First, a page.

Legal Framework for Setting Aside a Marriage Contract
Any challenge to set aside or to nullify a marriage contract in Ontario is brought under s. 56(4) of the Family Law Act, which states:
Setting aside domestic contract
(4) A court may, on application, set aside a domestic contract or a provision in it,
(a) if a party failed to disclose to the other significant assets, or significant debts or other liabilities, existing when the domestic contract was made;
(b) if a party did not understand the nature or consequences of the domestic contract; or
(c) otherwise in accordance with the law of contract.
The court explained that the proper approach on an application to set aside a marriage contract under s. 56(4) involves a two step process. First, the party seeking to set aside the contract must demonstrate to the court that one of the listed circumstances within s. 56(4) has been engaged. Second, the court must then consider whether it is appropriate to exercise its discretion in favour of setting aside the agreement or a provision within it. When exercising discretion under this second step, fairness between the parties is a guiding consideration.
Court Refuses to Set Aside Marriage Contract
Regarding the man’s first ground in challenging the validity of the marriage contract, the court held the woman had not failed to disclose a significant asset, as there was no requirement that she disclose the property’s value, stating:
“[The man] could have requested that [the woman] provide the information from which the value of the [property] could be ascertained, or taken steps to obtain that value directly. [The man] cannot now use his own failure to carry out his due diligence as a basis to avoid the marriage contract….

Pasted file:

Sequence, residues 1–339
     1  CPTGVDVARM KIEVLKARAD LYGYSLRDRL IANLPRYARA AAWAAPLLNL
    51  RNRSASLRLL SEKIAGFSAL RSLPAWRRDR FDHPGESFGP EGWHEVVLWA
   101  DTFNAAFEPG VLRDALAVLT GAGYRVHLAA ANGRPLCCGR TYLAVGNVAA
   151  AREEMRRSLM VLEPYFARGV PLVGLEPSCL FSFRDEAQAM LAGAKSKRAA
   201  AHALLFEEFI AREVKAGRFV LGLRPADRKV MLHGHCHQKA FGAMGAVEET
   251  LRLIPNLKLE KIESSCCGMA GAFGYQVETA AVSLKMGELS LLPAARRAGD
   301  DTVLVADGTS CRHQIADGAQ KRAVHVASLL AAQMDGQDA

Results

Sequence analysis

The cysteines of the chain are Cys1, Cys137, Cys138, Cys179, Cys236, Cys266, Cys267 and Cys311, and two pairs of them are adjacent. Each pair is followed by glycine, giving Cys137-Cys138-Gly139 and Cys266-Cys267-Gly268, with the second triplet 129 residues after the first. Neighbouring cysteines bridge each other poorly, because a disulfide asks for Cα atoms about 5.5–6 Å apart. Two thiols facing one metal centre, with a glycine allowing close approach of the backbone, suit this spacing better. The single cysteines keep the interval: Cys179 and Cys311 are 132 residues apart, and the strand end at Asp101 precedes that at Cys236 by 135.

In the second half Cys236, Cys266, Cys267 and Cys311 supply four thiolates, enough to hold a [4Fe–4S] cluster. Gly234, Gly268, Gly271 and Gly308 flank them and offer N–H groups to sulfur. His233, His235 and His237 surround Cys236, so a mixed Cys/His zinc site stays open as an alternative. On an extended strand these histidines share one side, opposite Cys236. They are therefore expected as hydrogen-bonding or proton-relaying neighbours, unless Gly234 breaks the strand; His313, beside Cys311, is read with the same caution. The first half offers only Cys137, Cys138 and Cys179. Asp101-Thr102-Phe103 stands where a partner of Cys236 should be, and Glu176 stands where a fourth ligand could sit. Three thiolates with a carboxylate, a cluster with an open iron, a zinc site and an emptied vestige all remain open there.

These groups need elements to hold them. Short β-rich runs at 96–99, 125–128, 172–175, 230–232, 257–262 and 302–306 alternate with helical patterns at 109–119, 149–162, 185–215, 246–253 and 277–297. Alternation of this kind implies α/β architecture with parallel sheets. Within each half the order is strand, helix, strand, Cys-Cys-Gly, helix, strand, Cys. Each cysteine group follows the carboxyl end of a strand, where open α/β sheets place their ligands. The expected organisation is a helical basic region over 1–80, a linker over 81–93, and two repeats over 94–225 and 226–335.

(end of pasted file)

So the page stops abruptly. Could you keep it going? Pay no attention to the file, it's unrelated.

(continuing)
I also note that s. 56(4)(a) does not contain the words “financial” or “value” to describe the nature of the disclosure of a significant asset.”
The court further dismissed the man’s second ground, finding that there was no evidence to support his claim that he did not understand what he was signing.
Finally, the court dismissed the man’s third ground in challenging the contract, stating:
“I find as a fact that [the man] did not sign the marriage contract while subject to the undue influence of [the woman]. Nor did she exert illegitimate pressure over [the man] to sign the marriage contract to raise duress as a ground. [The man] is now experiencing the remorse of a party who has signed a marriage contract and seeks to leverage his litigation position in the aftermath of a separation.”
Additionally, the court found no reason to exercise its discretion to set the contract aside.
In the result, the court therefore rejected the man’s claims and upheld the validity of the marriage contract.
At Feigenbaum Law, our goal is to help you move forward following the breakdown of a relationship while retaining as much financial stability as possible and ensuring your children are provided for. Mark Feigenbaum is able to counsel his clients on all potential risks that may result from a family law dispute, not just those related strictly to the breakdown of a marriage. Contact Mark online or call him at (905) 695-1269 or toll-free at (877) 275-4792 to book a consultation.